Trusted computing centers around using computer hardware to protect parts of a computer from attack or unintentional damage. The Trusted Computing Group, an international collective mostly made up of computer hardware manufacturers, writes the designs and specifications for the technology. The basic idea behind the technology is the isolation of areas of a computer to prevent non-trusted software from accessing information or running on the system. Trusted computing has run into strong opposition, mostly due to its abilities to circumvent user control and privacy.
The technology uses a chip that is placed into a computer. It has two keys-- one is known only to the computer and the other is known only to trusted computing hardware manufacturers and software companies. The chip takes over certain areas of the computer, mostly memory and storage, and uses the keys to verify proper activity on the system.
The technology attempts to safeguard computers by forcing them to act in a consistent manner. In theory, by allowing an outside source to control the basic operations of a computer, certain disruptive or harmful elements are completely stopped. Programs that shouldn’t be accessing areas of the computer are prevented. This control is used to prevent unintentional user error and can stop many kinds of malicious software, or malware, attacks.
Certain arms of government and private companies use trusted computing heavily. The United States Army and the Department of Defense have trusted computing modules installed on every new machine. Computer and software companies Microsoft and Dell are dabbling with the technology, but plan on increasing their involvement over time. Companies Advanced Micro Devices (AMD) and Intel Corporation plan to use trusted computing modules in every one of their upcoming processor chips.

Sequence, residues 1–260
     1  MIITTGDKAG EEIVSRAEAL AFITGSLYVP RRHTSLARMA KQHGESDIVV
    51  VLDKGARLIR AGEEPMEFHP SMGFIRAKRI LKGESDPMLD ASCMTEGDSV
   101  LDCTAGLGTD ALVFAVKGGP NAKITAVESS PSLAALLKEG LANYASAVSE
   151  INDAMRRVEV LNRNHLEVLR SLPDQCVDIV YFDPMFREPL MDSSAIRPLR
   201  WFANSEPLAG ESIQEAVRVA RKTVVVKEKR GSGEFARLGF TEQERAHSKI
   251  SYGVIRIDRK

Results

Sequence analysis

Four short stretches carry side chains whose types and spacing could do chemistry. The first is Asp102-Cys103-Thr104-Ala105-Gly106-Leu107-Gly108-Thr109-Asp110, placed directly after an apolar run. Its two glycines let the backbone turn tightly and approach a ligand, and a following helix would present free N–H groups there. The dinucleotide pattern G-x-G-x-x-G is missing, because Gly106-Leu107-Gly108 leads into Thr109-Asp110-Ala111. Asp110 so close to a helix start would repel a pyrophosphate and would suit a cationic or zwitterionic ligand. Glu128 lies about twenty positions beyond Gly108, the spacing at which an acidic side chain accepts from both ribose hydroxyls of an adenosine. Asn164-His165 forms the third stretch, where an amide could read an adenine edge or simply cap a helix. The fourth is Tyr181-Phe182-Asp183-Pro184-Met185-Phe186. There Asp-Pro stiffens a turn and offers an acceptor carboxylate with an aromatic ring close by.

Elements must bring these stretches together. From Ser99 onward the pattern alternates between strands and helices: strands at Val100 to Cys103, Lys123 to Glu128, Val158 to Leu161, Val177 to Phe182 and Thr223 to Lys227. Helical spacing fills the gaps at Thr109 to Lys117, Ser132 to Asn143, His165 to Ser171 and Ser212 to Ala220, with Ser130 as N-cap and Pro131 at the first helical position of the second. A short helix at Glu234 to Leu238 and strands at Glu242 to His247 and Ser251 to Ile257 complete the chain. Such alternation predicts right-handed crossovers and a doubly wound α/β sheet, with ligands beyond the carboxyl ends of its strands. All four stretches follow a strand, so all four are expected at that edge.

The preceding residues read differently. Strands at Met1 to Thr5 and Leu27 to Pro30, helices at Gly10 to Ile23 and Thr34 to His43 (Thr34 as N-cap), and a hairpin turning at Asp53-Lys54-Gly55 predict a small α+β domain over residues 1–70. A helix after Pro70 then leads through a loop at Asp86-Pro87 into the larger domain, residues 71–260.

Trusted computing has generated a lot of controversy surrounding its methods and policies. Many software user rights groups and personal freedoms organizations are strongly against this technology. Several open software companies are also opposed to the methods used to determine what is and isn’t trusted software.
One of the strongest areas of opposition centers on digital rights management (DRM). Without trusted computing, a person can save his files onto a disk and to a different computer, and the files will run just as well on the second computer as the first. With the module, the files wouldn’t necessarily run, because their internal keys wouldn’t match those at the new location. In addition, if you wanted to upgrade your computer’s hardware or open a file in a different program, you might not be able to. According to opponents, this lack of mobility and options stifles market competition and is therefore illegal.
The DRM problems also extend to access. If you purchase a digital item, the trusted computing module can limit how, when and the number of times you can access the file in a given period. If the module will only let you play a song at 8 pm on Monday, the file will not run at any other time. This extends to items without specifically embedded DRM as well. If the same song had no DRM at all, the module still may not play it due to its unsecured nature.